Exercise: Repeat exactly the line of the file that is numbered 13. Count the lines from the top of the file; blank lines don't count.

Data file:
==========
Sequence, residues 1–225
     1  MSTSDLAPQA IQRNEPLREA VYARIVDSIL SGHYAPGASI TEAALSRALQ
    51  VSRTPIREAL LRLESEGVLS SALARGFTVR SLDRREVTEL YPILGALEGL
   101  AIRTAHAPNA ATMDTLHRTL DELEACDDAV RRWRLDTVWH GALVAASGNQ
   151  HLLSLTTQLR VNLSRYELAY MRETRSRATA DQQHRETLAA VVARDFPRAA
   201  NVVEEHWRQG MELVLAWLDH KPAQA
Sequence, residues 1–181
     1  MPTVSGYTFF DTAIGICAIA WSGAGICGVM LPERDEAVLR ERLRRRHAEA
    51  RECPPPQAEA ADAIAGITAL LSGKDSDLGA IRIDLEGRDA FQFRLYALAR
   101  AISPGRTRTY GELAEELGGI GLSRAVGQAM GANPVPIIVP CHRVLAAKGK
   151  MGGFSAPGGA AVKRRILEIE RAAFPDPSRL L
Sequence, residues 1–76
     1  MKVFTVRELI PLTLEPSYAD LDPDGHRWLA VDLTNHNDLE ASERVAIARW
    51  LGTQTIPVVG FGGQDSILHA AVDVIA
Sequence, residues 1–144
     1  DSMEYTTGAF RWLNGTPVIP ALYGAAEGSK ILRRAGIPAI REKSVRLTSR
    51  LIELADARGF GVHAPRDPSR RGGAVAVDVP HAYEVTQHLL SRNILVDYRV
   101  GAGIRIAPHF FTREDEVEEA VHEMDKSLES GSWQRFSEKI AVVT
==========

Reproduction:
     1  MKVFTVRELI PLTLEPSYAD LDPDGHRWLA VDLTNHNDLE ASERVAIARW